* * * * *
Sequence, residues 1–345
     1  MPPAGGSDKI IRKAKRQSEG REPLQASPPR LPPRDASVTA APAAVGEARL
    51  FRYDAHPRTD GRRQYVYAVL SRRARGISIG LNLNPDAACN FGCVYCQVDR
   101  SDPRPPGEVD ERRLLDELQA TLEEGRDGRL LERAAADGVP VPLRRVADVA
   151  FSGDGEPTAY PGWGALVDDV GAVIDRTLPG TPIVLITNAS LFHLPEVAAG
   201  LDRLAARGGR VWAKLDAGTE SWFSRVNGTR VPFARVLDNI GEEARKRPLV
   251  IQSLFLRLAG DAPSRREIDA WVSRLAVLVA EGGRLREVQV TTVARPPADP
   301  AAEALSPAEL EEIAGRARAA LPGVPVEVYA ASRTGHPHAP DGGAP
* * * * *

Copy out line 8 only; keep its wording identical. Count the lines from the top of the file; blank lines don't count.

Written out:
   301  AAEALSPAEL EEIAGRARAA LPGVPVEVYA ASRTGHPHAP DGGAP